Though these days the term wordmonger refers to "a writer or speaker who uses language pretentiously or carelessly," please join me in proposing a new meaning. A fishmonger appreciates and promotes fish, therefore, a wordmonger does the same for words.

Thursday, September 22, 2016

A smattering of Romany


A smattering of Romany

One of English’s many underappreciated donor languages is Romany. Sadly (& historically), like their language, the Roma people have been similarly underappreciated.

In 1788 the word pal appeared in English. Pal comes from a Romany word meaning brother or comrade.

The noun cove, a word generally understood to be English slang for fellow, chap or man, arrived in English in the 1560s. Its source? A Romany word meaning that man.

Another colloquial English word for fellow, chap or man is bloke. Though some etymologists argue that bloke may have Celtic origins, many connect it to the Romany word loke, meaning a man.

The phrase “put up your dukes” is likely born of the Romany word dook, a word that refers to a hand read in palmistry.

Since the 1890s the word lush has meant drunkard. This meaning of lush most likely comes from a Romany word having to do with alcohol.

Though those of my era might assume the word nark is a shortening of narcotics, its source is Romany. The verb nark appeared in English in 1859 meaning to act as a police informer, and most likely came from the Romany word meaning nose.

The Romani - or Roma - people arrived in Europe some time around the 1100s from the region around India, and suffered incredible prejudice. Many European nations enacted laws that expelled Romani. In Medieval Denmark, England, & Switzerland Romani were simply put to death. In other parts of Europe, Romani were enslaved, & this slavery continued as late as the1800s. And during WWII two million Romani perished in Nazi “concentration camps”.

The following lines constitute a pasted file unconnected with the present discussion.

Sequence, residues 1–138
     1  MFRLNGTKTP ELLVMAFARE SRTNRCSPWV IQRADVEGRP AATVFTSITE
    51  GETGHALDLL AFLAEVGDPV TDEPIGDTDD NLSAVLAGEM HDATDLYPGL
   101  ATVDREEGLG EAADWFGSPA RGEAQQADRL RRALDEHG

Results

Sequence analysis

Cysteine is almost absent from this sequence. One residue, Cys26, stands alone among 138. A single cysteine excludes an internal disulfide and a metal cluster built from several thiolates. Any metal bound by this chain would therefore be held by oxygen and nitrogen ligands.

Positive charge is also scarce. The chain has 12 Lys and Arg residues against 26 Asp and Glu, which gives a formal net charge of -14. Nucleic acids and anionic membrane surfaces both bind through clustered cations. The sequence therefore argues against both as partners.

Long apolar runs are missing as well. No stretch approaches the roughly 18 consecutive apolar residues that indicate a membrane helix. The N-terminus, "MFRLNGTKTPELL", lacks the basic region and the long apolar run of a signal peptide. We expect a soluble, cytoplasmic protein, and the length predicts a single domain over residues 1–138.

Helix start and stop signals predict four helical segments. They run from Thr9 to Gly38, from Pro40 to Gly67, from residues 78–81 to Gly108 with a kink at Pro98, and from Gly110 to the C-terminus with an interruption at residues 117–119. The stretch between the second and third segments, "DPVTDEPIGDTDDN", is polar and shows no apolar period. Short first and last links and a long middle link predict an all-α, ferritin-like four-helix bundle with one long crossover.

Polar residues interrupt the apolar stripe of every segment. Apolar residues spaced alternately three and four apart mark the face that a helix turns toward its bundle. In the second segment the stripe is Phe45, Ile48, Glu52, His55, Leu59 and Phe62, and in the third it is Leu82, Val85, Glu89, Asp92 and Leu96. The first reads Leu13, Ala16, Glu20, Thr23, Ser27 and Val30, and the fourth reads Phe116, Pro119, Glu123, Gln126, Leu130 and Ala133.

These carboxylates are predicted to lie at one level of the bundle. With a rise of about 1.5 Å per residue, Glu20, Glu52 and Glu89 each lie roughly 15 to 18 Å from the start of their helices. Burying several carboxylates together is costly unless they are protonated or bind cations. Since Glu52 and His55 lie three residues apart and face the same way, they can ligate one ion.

Even after all that persecution, some twelve million Romani still walk the earth (& give our language great words).



Big thanks to friend Aaron Keating, for suggesting this week’s topic, & thanks to this week’s sources: Merriam-Webster, Wordnik,  Etymonline, Collins Dictionary, LiveScience, & the OED.

Thursday, September 15, 2016

Muck


Muck

I’ve always been fond of the word muck. What a pleasure to discover muck has an intriguing etymology.

The noun muck came to English in the mid-1300s, followed within a half century by its verb form. Initially, the noun meant cow dung & vegetable matter spread as fertilizer, which helps explain why the verb initially meant to dig in the ground or to move manure. Apparently all this mucking about made its way through Scandinavia after starting off as a Proto-Germanic word meaning soft.

And most sources suggest that same Proto-Germanic word meaning soft also gave us the word meek, which came to English even earlier (in the 1200s), meaning gentle, courteous, benevolent.

Interesting that a word meaning soft grew to mean both cow dung mixed with vegetable matter & those who will inherit the earth.

Pondering this unlikely association led me to have a look at the etymology of manure, which first arrived in English as a verb meaning to cultivate land or hold property (possibly a synonym for inheriting the earth?). It came through Anglo-French & Old French from the Latin word manuoperare, literally to work with the hands. It’s easy to see how one of the most humble forms of working with one’s hands is/was to spread fertilizer, or work the earth. It wasn’t until1540 the noun manure was born, meaning exactly what it means today.

And what other words did the root of manure become? How about maneuver? Its humble roots of working with the hands morphed in time through Old French to land in English in 1758 meaning planned movement of troops or warships. All this suggests there is at least etymological truth in those epithets thrown by military grunts on the ground regarding the instructions given them from above.